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Countries that value autonomy and egalitarianism tend to have higher alcohol consumption

Dr. Joseph Delano Fule Robles
11 Dec 2017

Societies that value autonomy and harmony tend to have higher alcohol consumption as compared with more conservative societies that value hierarchy and embeddedness, a recent study has shown.

Data estimates of total alcohol consumption per capita (litres of pure alcohol per year) from 74 countries were obtained from the WHO Global Health Observatory data repository.

Analysis showed that cultural value orientations, namely autonomy and harmony, were significantly associated with alcohol consumption.  Hierarchy and embeddedness, which are characteristics of more traditional societies, were negatively associated with alcohol consumption. [Front Psychol 2017;8:1963]

Changes in cultural harmony, mastery, autonomy and egalitarianism were associated with increases in alcohol consumption in males, but not females. Changes in cultural embeddedness and hierarchy were associated with decreases in alcohol consumption in females, but not in males.

Among the variables, education and gender were found to be significantly and positively associated with alcohol consumption. Income, however, was not significantly associated with alcohol consumption.

Pearson correlation analysis between 35 European nations and 39 non-European nations revealed that for intellectual autonomy (r=0.16 vs r=0.08) and egalitarianism (r=0.30 vs r=0.02), European countries showed stronger positive correlations with alcohol consumption vs non-European countries. 

For hierarchy, European countries showed a weaker negative correlation (r=-0.07) with alcohol consumption vs non-European countries (r=-0.23).

Data were obtained from nine countries from Africa, 12 from the Americas, four from the Eastern Mediterranean region, 35 from Europe, five from Southeast Asia and nine from the Western Pacific region.

A 3-year average value for total alcohol consumption was obtained for males and females separately for 2008–2010.  Estimates for gross national income per capita were based on the 2011 International Comparison Program (ICP) of the World Bank Group.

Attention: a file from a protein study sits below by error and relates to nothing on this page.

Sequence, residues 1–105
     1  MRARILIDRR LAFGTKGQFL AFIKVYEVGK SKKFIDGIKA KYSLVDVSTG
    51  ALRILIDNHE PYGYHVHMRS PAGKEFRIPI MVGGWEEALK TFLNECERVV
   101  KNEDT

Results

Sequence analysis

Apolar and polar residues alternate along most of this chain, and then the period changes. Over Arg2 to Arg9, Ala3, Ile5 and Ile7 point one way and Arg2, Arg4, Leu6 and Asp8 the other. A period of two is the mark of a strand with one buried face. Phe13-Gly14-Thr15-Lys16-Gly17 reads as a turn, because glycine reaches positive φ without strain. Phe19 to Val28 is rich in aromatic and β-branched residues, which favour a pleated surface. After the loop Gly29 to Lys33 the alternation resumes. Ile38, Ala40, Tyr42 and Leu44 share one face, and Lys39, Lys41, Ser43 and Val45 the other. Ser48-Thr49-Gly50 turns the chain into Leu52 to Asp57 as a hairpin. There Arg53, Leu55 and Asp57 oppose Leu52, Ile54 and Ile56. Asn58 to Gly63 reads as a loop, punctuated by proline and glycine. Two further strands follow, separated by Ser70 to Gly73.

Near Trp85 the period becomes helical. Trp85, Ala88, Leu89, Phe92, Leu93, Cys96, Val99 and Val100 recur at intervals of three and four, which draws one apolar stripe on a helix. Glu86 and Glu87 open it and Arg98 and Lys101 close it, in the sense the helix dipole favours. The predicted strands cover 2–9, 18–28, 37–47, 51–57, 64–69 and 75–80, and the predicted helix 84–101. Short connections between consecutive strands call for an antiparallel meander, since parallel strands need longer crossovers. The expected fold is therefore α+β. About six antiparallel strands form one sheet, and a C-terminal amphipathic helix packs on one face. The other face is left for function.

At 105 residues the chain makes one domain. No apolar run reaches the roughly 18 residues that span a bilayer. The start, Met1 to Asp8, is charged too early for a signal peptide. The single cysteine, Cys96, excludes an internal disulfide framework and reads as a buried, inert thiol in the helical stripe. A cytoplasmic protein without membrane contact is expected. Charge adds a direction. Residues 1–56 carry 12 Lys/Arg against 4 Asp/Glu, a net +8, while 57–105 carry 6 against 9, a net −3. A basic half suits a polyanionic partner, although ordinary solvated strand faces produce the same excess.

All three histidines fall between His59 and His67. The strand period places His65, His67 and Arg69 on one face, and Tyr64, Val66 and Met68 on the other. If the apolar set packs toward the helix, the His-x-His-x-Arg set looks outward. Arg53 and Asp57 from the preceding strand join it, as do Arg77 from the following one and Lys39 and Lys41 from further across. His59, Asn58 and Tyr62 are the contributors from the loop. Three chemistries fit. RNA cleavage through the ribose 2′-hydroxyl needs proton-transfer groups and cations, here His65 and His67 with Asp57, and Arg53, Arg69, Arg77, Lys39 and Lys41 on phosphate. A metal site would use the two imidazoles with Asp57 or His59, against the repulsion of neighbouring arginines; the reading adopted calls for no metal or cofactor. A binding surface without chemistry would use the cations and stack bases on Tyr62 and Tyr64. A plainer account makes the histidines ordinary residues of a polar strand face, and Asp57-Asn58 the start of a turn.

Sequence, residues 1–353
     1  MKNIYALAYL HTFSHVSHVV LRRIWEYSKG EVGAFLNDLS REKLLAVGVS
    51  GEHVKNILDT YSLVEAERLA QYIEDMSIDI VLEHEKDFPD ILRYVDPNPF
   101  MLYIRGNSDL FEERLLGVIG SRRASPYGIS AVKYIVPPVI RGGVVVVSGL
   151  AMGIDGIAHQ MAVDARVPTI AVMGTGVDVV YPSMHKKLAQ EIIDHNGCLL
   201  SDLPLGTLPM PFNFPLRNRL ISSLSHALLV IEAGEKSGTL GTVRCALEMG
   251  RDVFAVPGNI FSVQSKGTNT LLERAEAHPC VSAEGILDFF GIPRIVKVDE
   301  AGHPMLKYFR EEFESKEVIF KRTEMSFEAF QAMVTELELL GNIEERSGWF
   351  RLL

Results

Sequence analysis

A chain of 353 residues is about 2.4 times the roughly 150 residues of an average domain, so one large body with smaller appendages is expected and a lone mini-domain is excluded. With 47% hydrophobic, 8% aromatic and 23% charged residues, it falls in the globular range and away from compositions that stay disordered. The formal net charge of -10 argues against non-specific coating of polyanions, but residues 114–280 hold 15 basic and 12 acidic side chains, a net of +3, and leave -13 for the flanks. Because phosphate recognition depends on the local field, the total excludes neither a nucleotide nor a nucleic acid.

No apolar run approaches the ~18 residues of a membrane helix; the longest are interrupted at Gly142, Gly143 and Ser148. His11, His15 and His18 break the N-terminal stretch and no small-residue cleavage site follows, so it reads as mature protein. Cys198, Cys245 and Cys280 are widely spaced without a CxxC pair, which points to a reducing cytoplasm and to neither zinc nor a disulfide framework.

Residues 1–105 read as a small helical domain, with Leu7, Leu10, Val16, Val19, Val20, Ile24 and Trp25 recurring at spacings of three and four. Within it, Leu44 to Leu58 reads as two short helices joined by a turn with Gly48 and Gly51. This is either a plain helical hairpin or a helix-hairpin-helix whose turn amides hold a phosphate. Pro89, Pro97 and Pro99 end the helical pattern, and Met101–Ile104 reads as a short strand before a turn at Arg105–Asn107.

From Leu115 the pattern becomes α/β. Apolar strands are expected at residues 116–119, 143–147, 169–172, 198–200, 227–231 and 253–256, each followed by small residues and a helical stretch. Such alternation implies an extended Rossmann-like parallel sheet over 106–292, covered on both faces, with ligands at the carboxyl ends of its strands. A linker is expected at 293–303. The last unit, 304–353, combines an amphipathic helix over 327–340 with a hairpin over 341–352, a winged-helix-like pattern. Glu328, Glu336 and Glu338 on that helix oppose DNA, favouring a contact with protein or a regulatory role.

“The results tell us that countries which highly valued intellectual and affective autonomy, such as Germany and the UK, generally had higher levels of [alcohol] consumption, and countries which highly valued embeddedness, such as Yemen and Senegal, generally had lower levels of consumption,” the authors said.

These data suggest that certain cultural characteristics in certain demographic areas would increase the risk for disorders such as hypertension, liver cirrhosis and chronic pancreatitis. [Prev Med 2004:38;613-619]

“This can be considered as a modifiable behavioural risk factor for non-communicable diseases such as cardiovascular diseases, cancer, chronic respiratory disease and diabetes at the societal level,” the authors added.

The strengths of the study include independent measurement of variables, specifically education, gender, income and alcohol consumption, from official statistics and self-reporting, which rules out any form of methodological bias.

However, other important variables that influence alcohol consumption, such as average age of a population, the price of alcohol, national alcohol laws/policies and degree of urbanization, were not controlled for.

“Our results suggest that bodies such as WHO should prioritize tackling alcohol consumption in countries that are more autonomous and less traditional, and future research should be directed at further understanding the relationship between cultural values and alcohol,” investigator Dr Richard Inman from the University of Lusiada, Porto, Portugal concluded.

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